Tag: Productivity

0002 Excel Shortcuts: How to Insert and Delete Tabs (Worksheets)

If your spreadsheet is a 3 ring binder, then each worksheet is a page.

In this video, I will teach you how to insert a blank sheet, and how to delete an existing sheet, using Excel shortcuts for both PC and Mac.

Download FREE Hands-On Exercises

Full Video Transcript:

I don’t know about you, but fumbling around for that little plus button at the bottom of your screen just to insert a new worksheet is kind of like fumbling for your checkbook at the supermarket. There’s a better way, guys. In this video, I’m going to teach you how to insert and delete tabs, which are actually just called worksheets.

Inserting and deleting tabs or worksheets is one of those foundational skills that, if you don’t have to touch the mouse to accomplish this, you’re actually going to save yourself time every time you do it.

So, the way to insert a blank worksheet is to hit SHIFT+F11. When you hit SHIFT+F11, what you’ll notice is, based on where you are, it will actually insert a blank sheet to the left of your current highlighted worksheet. That’s really important if you want to actually save yourself a step of repositioning. You just choose the worksheet you want, then you insert the blank worksheet.

On the flip side, if you want to delete the active worksheet, be very careful. Choose the one you want first. On the PC, you’re going to hit ALT+H for home, D for the delete, and S for sheet. It’s going to ask you, “Are you sure you want to do this?” If there’s anything in it. If there’s not anything in it, it will actually just delete for you immediately.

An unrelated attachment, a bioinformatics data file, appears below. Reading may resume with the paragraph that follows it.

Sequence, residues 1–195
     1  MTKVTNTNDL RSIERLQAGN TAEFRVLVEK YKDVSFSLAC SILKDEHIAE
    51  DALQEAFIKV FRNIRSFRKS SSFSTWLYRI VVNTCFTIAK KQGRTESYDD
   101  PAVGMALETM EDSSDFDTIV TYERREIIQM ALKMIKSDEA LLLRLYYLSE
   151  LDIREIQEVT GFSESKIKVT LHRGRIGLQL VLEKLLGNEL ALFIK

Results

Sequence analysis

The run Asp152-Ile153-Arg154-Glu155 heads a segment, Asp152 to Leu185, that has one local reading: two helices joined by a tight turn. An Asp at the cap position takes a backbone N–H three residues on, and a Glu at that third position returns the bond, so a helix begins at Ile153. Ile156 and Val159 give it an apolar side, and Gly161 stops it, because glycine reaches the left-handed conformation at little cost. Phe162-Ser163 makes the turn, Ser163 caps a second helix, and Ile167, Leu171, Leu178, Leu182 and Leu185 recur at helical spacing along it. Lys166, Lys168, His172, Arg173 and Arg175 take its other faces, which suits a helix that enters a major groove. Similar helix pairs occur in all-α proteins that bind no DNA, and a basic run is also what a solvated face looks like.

That is the trick to it, and the memory trick to actually remember this is think of a shrieking Frankenstein saying, “I want a fresh start,” all right? Those metal bars on his neck kind of look like an 11, so shrieking stands for shift, Frankenstein is for the F, and the 11 are those metal bars. Shrieking Frankenstein, “I want a fresh start.” That’s your mental image to help you remember that shortcut.

To delete the sheet, it’s just, “I’m happy to delete a sheet,” and you’ve got to hit that ALT key first.

On the Mac, same thing. SHIFT+F11 to insert the blank worksheet. You have to actually customize your keyboard shortcut to get the delete active worksheet. There’s a separate video on how to do that. But again, the idea is the same.

Couple of things to keep in mind. You want to make sure that you are careful with this, and when you delete a sheet, there’s no undo. You cannot undo the deletion of a sheet, therefore save a copy of your work before you do it to be on the safe side.

Don’t forget to visit excelshir.com, where you can download these exercises, along with other free resources, such as keyboard shortcut cheat sheets for both PC and Mac.

Thanks for watching, see you next time, and you know that Excel love I keep talking about? Keep sharing it.

Ref 0001 Excel Shortcuts: How to Customize Mac Keyboard Shortcuts for Microsoft Excel

Download FREE, Printable Step-by-Step Guides

Step-by-Step Guide: Customize Mac Keyboard Shortcuts